SPRINGFIELD, Ill. (WMBD) — The Illinois Department of Public Health released guidance Wednesday to encourage Illinoisans to stay safe while celebrating Halloween.
While COVID-19 pandemic restrictions are looser than the last two years, illness and injury related to Halloween are still common.
Over half of the average 3,200 Halloween injuries are related to pumpkin caring, according to the U.S. Consumer Product Safety Commission (CPSC), with another 25% coming from falls while decorating, tripping on costumes, or walking while trick-or-treating.
IDPH shared CPSC’s advice for keeping your body safe during all your favorite Halloween activities.
Pumpkin carving tips
- Leave pumpkin carving to the adults. Child helpers can grab a spoon and scoop out the inside or use a marker to trace the design.
- When your jack-o’-lantern masterpiece is ready, use battery-operated lights or glow sticks rather than an open-flame candle.
- If using open-flame candles, keep them away from curtains, decorations and other combustibles that could catch fire.
- Never leave burning candles unattended.
- Wear a costume that fits and avoid overly long or baggy costumes to prevent trips and falls.
- Costumes with loose, flowing fabrics can also be a fire hazard when close to open flames – keep away.
- Reduce fire hazards by choosing costumes made of polyester or nylon fabric and not sheer cotton or rayon fabric. However, any fabric can burn if it comes in contact with an open flame.
- Use reflective tape as a trim for costumes and outerwear to help being seen in lower light. Wearing a brightly colored costume and carrying a flashlight or glow stick can also help brighten the walkways for trick-or-treaters.
Families participating in trick-or-treating should also check with their town’s specific hours and any other guidelines put out by local government.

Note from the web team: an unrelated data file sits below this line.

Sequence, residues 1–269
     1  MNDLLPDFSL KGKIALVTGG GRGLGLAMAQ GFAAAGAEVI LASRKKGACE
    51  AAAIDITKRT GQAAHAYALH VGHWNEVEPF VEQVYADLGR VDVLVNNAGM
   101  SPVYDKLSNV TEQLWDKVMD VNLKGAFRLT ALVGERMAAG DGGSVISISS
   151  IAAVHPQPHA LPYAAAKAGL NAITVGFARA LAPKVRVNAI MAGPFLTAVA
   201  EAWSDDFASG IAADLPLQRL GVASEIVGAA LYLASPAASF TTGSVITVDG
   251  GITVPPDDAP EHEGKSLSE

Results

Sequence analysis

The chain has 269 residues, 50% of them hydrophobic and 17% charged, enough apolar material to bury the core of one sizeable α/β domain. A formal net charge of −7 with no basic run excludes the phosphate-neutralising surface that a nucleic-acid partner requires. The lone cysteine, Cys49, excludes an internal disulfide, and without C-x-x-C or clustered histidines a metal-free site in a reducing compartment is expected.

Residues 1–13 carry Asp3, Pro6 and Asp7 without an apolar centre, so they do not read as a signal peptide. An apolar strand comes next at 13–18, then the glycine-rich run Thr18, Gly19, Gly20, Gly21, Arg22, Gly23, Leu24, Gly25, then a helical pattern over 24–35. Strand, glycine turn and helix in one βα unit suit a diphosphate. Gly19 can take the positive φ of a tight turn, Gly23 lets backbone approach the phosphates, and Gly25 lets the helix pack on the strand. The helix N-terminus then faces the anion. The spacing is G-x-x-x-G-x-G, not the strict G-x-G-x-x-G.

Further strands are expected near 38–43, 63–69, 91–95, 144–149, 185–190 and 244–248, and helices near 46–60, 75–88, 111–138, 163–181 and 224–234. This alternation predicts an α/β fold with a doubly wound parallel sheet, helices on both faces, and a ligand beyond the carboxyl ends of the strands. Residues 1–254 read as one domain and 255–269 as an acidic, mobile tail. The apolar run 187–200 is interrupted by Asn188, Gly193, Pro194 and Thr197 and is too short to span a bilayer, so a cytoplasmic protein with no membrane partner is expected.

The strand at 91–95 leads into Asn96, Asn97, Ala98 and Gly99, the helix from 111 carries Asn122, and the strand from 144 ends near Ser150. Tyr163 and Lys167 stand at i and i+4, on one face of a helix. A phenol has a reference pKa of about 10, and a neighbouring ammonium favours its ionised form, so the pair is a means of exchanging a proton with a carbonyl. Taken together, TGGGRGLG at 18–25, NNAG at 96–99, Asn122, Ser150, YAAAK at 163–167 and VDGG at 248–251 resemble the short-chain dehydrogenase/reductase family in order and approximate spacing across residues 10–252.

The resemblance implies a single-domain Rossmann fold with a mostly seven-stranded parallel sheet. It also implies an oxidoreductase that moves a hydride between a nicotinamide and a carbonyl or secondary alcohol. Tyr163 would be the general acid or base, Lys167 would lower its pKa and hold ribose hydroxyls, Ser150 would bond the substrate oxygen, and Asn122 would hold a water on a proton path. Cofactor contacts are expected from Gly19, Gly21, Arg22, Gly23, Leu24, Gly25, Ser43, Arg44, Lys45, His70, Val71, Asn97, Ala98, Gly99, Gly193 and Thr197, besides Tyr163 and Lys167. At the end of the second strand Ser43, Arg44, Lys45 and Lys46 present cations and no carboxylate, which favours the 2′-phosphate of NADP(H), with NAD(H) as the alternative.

- Prevent fires by using battery-operated lights and glow sticks instead of candles.
- Pay attention to the placement of decorations. To help prevent falls, remove obstacles from lawns, steps and porches when expecting trick-or-treaters.
- Indoors or outside, only use lights that have been tested for safety by a recognized testing laboratory. Check each set of lights, new or old, for broken or cracked sockets, frayed or bare wires, or loose connections. Discard damaged sets.
In addition to safety tips for preventing injury, IDPH also recommended keeping yourself safe from COVID-19, the flu, and other seasonal illnesses by being prepared.
“The most important action everyone can take to protect themselves is to be fully up-to-date on COVID-19 vaccinations and the updated bivalent booster shots, as well as the seasonal flu shot,” read the release.
The release shared additional tips from the CDC on preventing the spread of disease.
- If you are sick or feel symptoms, stay home! Skip the Halloween party and trick-or-treating if you aren’t feeling well.
- Get tested if you have COVID-19 symptoms.
- Take precautions in crowded or indoor events as informed by your county’s COVID-19 Community Level, like wearing a high-quality mask (and Halloween masks don’t count).
- If you’re hosting celebrations, include outdoor spaces if possible and review options for improving ventilation in your home. This can help you reduce virus particles in your home and keep COVID-19 from spreading.
- Keep your hands clean. If you’re out trick-or-treating, bring hand sanitizer. If you’re giving out candy, wash your hands frequently.
Remember: this year, stick to costume cuts and bruises or fake flesh-eating viruses while keeping yourself safe.